South Africa Current-Account Deficit Narrows on Rand

South Africa’s current-account deficit unexpectedly shrank to 5.8 percent of gross domestic product in the first quarter as the weaker rand helped boost revenue for exporters.

The gap on the current account, the widest measure of trade in goods and services, narrowed to 191 billion rand ($19.1 billion), the Reserve Bank said in its Quarterly Bulletin, released in Pretoria today. The median estimate of 15 economists surveyed by Bloomberg was for the deficit to widen to 6.9 percent of GDP from 6.5 percent in the final quarter of 2012.

“The export earnings of South African producers continued to benefit from the lower exchange value of the rand, which extended into the first quarter,” the central bank said. “South Africa’s terms of trade improved somewhat in the first quarter of 2013 as export commodity prices held up well relative to the prices of imported goods and services.”

The rand’s decline this year boosted export revenue as the economy struggles to rebound from strikes last year that shaved about 0.5 percentage point off the economy, while inflation saps consumer demand. Slowing growth is making it harder for Finance Minister Pravin Gordhan to rein in the fiscal deficit, a concern raised by Moody’s Investors Service, Standard & Poor’s and Fitch Ratings when downgrading South Africa starting in September.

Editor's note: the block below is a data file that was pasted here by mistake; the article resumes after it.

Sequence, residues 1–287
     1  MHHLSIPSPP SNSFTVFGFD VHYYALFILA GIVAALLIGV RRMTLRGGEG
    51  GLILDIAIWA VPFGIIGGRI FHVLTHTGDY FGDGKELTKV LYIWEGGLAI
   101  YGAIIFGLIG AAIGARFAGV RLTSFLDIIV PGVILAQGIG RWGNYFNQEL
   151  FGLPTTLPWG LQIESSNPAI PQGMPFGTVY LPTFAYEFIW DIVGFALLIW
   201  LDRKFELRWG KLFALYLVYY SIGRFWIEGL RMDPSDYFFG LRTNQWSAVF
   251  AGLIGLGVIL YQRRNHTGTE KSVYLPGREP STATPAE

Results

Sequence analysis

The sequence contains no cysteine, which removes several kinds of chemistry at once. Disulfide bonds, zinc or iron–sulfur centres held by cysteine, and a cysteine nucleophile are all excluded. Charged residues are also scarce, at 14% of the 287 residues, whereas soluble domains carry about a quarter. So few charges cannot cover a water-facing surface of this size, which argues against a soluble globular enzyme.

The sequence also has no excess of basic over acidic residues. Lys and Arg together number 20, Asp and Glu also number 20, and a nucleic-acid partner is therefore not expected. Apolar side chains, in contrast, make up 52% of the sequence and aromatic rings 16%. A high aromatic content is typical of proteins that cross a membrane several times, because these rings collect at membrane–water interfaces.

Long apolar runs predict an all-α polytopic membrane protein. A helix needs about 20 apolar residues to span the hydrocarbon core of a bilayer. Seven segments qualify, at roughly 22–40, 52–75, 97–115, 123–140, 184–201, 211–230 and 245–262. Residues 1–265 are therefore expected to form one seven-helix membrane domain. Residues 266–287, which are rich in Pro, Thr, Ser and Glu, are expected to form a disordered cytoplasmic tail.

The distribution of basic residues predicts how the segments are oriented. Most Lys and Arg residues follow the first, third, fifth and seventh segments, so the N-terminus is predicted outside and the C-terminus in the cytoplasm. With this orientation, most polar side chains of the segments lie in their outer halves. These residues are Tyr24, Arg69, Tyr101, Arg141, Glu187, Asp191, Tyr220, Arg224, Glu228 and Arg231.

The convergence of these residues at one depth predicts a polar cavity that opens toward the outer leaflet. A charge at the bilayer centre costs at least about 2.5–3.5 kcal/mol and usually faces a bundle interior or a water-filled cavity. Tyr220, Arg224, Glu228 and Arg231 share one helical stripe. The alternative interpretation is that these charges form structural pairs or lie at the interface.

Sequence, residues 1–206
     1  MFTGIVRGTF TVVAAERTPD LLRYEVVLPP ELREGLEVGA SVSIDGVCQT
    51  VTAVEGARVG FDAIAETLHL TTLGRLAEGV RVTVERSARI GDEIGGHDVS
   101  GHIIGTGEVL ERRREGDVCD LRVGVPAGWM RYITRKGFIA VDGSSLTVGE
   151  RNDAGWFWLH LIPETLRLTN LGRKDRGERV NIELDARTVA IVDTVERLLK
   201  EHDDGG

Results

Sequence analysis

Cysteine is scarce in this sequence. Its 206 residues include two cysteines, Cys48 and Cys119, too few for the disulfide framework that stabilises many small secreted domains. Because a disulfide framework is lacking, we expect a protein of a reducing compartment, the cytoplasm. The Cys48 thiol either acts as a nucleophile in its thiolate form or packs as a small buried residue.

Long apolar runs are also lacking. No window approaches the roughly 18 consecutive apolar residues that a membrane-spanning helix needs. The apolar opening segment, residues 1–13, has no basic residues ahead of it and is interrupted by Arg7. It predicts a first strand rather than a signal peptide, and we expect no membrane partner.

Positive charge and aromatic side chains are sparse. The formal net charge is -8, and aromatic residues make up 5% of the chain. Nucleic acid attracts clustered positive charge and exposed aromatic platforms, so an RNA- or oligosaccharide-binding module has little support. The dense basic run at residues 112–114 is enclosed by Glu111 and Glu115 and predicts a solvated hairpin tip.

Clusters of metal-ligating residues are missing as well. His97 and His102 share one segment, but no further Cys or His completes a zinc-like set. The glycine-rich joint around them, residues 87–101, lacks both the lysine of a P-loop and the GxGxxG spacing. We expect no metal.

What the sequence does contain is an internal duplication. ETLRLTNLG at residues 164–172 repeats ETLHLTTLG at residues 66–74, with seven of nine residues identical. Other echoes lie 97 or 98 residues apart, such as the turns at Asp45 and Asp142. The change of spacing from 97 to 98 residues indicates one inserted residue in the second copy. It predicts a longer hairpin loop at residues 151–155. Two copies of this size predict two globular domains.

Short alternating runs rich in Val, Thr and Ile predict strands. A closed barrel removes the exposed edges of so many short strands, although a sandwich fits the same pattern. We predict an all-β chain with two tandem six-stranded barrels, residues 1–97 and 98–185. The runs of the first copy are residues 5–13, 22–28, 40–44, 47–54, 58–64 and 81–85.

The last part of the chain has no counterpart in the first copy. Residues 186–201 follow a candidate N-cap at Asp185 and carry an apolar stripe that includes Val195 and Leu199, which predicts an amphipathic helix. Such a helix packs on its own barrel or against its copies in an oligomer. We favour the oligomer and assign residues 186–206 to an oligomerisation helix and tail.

The rand weakened 0.3 percent to 10.0240 per dollar at 8:45 a.m. in Johannesburg, extending its decline this year to 15 percent.

Economic Growth

The economy expanded at an annualized 0.9 percent in the first quarter, the slowest pace since the 2009 recession, and less than the 7 percent rate the government says it needs annually through 2020 to cut the jobless rate to 14 percent from 25 percent. The Reserve Bank held the benchmark repurchase rate at 5 percent last month as inflation limited the room it has to move rates.

South Africa relies mainly on foreign investment in stocks and bonds to fund the deficit, inflows that have fluctuated this year as investors’ risk perceptions increased.

The current-account deficit was adequately financed by foreign inflows last quarter as foreign direct investment rebounded. Investment in stocks and bonds by non-residents slowed to 1.4 billion rand, compared with 12.5 billion rand in the final three months of the year, the central bank said. South Africa recorded 12.9 billion rand in foreign direct investment compared with an outflow of 1.4 billion rand in the previous three months.

“The deficit on the current account was fully financed by a further sizable inflow of foreign capital in the first quarter,” the bank said.

Before it's here, it's on the Bloomberg Terminal.